David Adkins, Executive Director and CEO of Council of State Governments in Lexington, Ky., on Aug. 24, 2015. Photo by Pablo Alcala | Staff
While much of the media and the public remains fixated on the partisan drama in Washington over the coronavirus response, state and local governments are quietly doing what they do best: Keeping Americans safe, healthy, gainfully employed as much as possible, and educated, all during the worst public health pandemic of our lifetimes. And while federal leaders have provided targeted assistance to businesses and many Americans who have suffered economic losses due to the virus, these state and local governments have largely been left to fend for themselves. If we want our nation’s economy to recover, that cannot continue for long.
The Council of State Governments, headquartered in Lexington, Ky., is America’s bipartisan association of state governments representing our nation’s laboratories of democracy. With limited resources even in normal times, America’s state and local governments are the unsung heroes of the pandemic, providing lifesaving health care and emergency response services, while ensuring that Americans get the education and job training they need to succeed in a rapidly changing economy.
Nearly every category of state and local revenue is experiencing pandemic-related losses. States that have income taxes are seeing much lower income due to high unemployment. Sales tax income is also declining due to the sharp drop in consumer spending and store closures. Limited travel means less revenue from gasoline taxes for transportation projects.
States are facing at least $500 billion in unanticipated revenue loss. For counties, the number comes to $202 billion. And three-quarters of municipalities have already started making unavoidable cuts and adjustments in response to the projected $360 billion revenue loss over three years, while existing federal aid has not included most cities.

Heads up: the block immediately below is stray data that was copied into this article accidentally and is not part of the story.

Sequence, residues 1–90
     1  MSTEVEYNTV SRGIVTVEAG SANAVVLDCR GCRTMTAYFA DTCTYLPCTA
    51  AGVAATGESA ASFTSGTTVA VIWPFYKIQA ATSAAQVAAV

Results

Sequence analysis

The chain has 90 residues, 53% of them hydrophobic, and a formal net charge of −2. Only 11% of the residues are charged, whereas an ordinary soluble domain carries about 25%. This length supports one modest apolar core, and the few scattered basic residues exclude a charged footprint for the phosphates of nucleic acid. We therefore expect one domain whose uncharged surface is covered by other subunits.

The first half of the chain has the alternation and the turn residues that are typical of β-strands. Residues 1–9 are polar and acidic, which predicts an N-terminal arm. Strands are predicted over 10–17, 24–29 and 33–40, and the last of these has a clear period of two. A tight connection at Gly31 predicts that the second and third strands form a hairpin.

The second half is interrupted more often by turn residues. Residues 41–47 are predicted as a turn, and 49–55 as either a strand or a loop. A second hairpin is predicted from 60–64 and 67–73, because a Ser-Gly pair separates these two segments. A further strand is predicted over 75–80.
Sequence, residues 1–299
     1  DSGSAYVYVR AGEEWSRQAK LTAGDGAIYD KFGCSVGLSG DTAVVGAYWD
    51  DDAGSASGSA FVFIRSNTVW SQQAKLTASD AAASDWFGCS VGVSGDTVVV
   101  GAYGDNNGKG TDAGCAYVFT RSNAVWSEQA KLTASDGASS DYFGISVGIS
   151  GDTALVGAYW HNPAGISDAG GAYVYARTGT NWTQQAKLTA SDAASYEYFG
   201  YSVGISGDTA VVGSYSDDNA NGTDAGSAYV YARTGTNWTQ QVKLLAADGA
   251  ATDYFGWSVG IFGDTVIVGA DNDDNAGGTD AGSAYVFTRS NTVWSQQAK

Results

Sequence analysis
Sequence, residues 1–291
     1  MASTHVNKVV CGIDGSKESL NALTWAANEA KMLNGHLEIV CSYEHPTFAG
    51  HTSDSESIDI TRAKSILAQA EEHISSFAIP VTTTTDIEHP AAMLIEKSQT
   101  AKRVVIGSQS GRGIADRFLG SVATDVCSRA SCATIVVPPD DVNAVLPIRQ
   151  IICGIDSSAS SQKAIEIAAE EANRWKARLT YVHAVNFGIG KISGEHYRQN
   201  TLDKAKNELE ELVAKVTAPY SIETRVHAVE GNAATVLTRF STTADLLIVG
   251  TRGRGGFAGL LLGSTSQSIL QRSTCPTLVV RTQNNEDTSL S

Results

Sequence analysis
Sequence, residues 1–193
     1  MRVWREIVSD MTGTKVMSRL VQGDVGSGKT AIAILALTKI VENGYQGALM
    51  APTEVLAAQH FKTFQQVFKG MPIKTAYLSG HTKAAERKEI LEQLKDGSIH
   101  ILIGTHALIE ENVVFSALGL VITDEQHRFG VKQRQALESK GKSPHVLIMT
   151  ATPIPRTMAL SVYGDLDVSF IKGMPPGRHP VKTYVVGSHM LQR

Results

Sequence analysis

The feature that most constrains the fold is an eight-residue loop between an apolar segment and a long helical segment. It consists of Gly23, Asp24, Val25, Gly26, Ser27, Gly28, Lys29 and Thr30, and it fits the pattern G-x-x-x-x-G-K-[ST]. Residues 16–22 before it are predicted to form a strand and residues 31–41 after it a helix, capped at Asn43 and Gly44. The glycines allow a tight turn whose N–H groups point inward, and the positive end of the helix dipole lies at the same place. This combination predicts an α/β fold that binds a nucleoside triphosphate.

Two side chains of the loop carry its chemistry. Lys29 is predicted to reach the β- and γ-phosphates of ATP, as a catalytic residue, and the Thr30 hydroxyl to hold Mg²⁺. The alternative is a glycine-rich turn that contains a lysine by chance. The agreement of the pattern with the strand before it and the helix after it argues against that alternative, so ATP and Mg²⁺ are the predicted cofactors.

The combination of increased costs and lower revenue is creating large budget gaps. States and localities must continue to provide the programs and services that are needed now more than ever. As the economy struggles to recover, tax increases would only hamper the economic recovery.
Pandemic-driven job losses also have strained state Medicaid systems as Americans lose employer-provided health care. For the Medicaid programs to meet the needs of millions of Americans, Congress must increase the Federal Medical Assistance Percentages through at least September 2021. Health care is inextricably linked to economic recovery from the COVID-19 pandemic.
States provide a climate for business growth and expansion, which is undermined when the states’ own creditworthiness is in doubt. S&P Global recently opined: “We believe that in the wake of the COVID-19 induced recession, a propensity for revenue volatility, weaker rainy day reserves, and elevated fixed costs are leading factors that predict state budgetary distress.”
Without significant relief from the federal government, state and local governments will have to take drastic action to balance their budgets, such as slashing education and health care, laying off teachers and other workers, and letting our infrastructure fall into disrepair.
Every dollar spent supporting state and local government during a recession yields $1.39 in overall benefit to the economy. Using that multiplier, we can estimate that $500 billion in state stabilization funds would achieve a $700 billion positive economic impact.
The federal government, with its vast borrowing power, should solve the problem and help get the country back on track. Kentucky’s own senator, Senate Majority Leader Mitch McConnell will play a big role in determining the components of the next round of stimulus spending. If he wants to help the citizens of his state and others, he will use his influence to make certain state and local governments receive the aid that is needed to address urgent health care needs and speed economic recovery.
If state and local governments continue to struggle, so will America. The federal government should fully fund state, cities, counties and other local governments in order to protect Americans now and lay the groundwork for the country to thrive again.
David Adkins is the executive director/CEO of The Council of State Governments, a national, nonpartisan organization of all state and territorial governments headquartered in Lexington, KY.